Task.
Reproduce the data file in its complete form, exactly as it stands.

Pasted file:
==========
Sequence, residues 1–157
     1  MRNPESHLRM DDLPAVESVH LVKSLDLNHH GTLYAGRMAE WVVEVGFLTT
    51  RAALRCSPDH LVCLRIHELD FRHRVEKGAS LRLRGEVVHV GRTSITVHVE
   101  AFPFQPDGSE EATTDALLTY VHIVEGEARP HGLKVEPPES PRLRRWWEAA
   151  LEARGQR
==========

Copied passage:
Sequence, residues 1–157
     1  MRNPESHLRM DDLPAVESVH LVKSLDLNHH GTLYAGRMAE WVVEVGFLTT
    51  RAALRCSPDH LVCLRIHELD FRHRVEKGAS LRLRGEVVHV GRTSITVHVE
   101  AFPFQPDGSE EATTDALLTY VHIVEGEARP HGLKVEPPES PRLRRWWEAA
   151  LEARGQR